Elevator offers assistance to shareholders

There is little question that agriculture operates in cycles of “good” and “bad” years.

The depressed ag economy of today, the years leading up to it and the fallout happening because of it has caused Rob Jacobs, CEO of Cooperative Farmers Elevator (CFE), to try and help the shareholder members of that company by offering them access to professional counseling and consulting services, free of charge to those members.

They have teamed up with Connections Inc., Employee Assistance Program (EAP), an employee assistance firm based in Rock Valley, Iowa. This program is offering shareholder members of CFE a chance to speak to a licensed individual in their area of expertise about their issue, and connect them with other licensed professionals able to best help them.

Services include management of stress, anxiety and depression, generational issues, family or marital issues, anger management, chemical and substance abuse, legal, financial or whatever the problem is.

“About a year ago we started getting inquiries like this from some of our other (cooperative customers of ours) throughout the state of Iowa … but CFE was the first to move forward with it,” said Matt Visser, CEO of Connections Inc., EAP.

Visser said they are hearing from most all of their cooperative clients that their members could use some sound advice or counseling services as they wade through these difficult times of low commodity prices, weather issues, tariff fallout, ethanol export reductions and labor shortages.

“We’re all small towns and we’re rural communities who depend on agriculture,” said Visser. “We’re feeling the pinch everywhere.”

Cooperative Farmers Elevator

Jacobs said he’s seeing the effects of the depressed ag economy in the customers his company serves, which was the catalyst in his desire to provide this kind of outreach to their customers who might be facing some kind of personal crisis in any of those areas. CFE has used this company for a number of years for its employees, but are the first company to extend those services to their member shareholders. The cooperative is offering it at no charge.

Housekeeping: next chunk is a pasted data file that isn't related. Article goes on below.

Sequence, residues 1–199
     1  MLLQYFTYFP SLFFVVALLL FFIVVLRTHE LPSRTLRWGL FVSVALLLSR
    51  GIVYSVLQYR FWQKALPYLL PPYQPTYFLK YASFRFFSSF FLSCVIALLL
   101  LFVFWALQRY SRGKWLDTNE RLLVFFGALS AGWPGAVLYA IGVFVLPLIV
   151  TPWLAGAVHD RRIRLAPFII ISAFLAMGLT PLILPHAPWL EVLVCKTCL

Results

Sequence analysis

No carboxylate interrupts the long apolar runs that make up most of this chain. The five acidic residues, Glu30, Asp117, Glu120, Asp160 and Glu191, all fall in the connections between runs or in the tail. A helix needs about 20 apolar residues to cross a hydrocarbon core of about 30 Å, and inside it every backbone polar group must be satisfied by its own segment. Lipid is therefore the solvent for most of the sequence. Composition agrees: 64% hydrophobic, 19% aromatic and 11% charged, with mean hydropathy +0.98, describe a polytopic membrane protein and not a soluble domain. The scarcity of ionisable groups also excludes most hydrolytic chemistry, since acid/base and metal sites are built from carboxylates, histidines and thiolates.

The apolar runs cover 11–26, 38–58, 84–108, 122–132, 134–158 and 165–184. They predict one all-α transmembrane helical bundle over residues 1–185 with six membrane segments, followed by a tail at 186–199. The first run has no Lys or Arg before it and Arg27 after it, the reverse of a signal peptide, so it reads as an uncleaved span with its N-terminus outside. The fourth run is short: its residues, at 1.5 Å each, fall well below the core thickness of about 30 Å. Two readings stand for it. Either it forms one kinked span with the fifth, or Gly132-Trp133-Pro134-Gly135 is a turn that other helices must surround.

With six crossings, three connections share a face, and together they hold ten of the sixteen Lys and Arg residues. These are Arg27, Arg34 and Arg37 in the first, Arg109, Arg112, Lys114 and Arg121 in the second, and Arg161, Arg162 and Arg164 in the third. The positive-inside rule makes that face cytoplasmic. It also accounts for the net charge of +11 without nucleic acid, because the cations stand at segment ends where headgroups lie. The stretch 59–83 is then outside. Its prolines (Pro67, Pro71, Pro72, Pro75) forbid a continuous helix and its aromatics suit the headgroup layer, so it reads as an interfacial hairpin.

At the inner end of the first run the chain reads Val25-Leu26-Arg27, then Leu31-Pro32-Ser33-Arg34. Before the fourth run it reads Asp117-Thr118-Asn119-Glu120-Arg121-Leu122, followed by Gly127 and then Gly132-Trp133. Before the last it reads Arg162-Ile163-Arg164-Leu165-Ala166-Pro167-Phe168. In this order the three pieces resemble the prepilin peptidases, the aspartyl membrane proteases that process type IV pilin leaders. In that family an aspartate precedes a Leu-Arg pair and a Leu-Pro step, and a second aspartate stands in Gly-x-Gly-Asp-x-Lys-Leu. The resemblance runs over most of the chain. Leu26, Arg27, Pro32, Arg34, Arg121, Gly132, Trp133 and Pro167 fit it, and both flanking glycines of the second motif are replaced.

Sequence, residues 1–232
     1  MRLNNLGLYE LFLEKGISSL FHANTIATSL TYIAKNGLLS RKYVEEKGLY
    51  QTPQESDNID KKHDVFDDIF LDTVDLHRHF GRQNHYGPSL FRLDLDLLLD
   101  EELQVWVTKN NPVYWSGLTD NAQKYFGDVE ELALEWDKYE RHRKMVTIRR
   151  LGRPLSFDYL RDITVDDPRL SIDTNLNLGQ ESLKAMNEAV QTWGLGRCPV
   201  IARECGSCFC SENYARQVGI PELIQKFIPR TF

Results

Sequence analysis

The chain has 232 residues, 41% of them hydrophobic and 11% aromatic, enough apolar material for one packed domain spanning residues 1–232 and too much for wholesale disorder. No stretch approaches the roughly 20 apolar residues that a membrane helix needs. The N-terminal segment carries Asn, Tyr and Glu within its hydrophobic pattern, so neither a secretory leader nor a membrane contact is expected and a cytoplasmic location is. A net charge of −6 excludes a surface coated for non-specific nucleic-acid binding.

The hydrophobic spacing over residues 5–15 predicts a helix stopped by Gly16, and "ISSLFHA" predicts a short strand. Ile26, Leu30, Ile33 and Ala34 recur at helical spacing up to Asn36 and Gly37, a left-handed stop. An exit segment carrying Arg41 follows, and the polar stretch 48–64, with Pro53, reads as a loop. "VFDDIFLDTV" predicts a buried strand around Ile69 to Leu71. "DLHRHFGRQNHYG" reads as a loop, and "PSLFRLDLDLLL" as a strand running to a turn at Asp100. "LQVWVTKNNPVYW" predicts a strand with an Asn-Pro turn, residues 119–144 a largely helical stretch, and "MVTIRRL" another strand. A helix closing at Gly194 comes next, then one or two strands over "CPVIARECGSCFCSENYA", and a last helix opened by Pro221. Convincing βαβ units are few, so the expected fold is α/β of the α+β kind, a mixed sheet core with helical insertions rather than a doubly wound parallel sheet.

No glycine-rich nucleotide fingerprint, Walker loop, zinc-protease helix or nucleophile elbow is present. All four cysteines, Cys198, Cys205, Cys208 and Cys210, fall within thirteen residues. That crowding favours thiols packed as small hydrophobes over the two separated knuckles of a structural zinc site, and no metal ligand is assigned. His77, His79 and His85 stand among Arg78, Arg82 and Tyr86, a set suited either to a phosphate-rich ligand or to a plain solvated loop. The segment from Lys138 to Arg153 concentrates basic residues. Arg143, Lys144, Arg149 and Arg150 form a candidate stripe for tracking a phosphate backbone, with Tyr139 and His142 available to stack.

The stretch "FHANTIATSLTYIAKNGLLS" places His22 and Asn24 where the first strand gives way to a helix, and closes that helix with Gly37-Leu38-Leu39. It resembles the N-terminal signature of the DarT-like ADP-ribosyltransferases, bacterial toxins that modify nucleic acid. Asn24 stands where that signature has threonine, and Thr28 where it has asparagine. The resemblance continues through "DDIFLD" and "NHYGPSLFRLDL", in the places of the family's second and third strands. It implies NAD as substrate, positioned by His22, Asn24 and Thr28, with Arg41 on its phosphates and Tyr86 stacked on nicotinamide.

“People are usually pretty guarded about (their personal troubles),” said Jacobs. “We thought this could be very beneficial to our members, too. If people are happy or satisfied in their personal lives, they’re going to be a better employee. It’s just the right thing to do.”

Jacobs said this service is necessary for ag customers who are facing such critical times in their industry. They are noticing it in accounts receivable, as well as in their visits with the local farmers they serve.

“It’s been a really tough go,” he said. “It’s not healthy and we all deal with it in different ways. It’s important that people have that resource to reach out to. This program will at least get them going on the path, and then they can choose where they go from there. Any Class A member of the cooperative (anyone who has purchased a membership to the farmer-owned cooperative) is eligible, and they get the same benefits from it as our employees get.”

Jacobs said the cooperative will not know who is using the services, since their feedback from the program will be in numbers only–no names.

Under this program, members and dependent family members of CFE are entitled to receive up to three face-to-face sessions with a licensed professional in their area for free. When those sessions end, Jacobs said family insurance plans might come into play to pay for any necessary remaining services.

Signs of stress

Andy Visser, founder and president of Connections Inc., EAP, said there are signs to watch for to see if someone is experiencing stress they can’t manage. But he was quick to preface that with the fact that the person who sees that someone needs help needs to first reach out to a professional in that area, and be counseled on how to approach the person or family who needs help, so the situation doesn’t escalate into something worse.

“It can save you months or years of headaches (getting that counseling first),” said Visser.

Visser said signs of stress are different in all kinds of people, but he said the first and foremost sign is any change in established patterns of behavior, especially if that change leads to that person being counterproductive.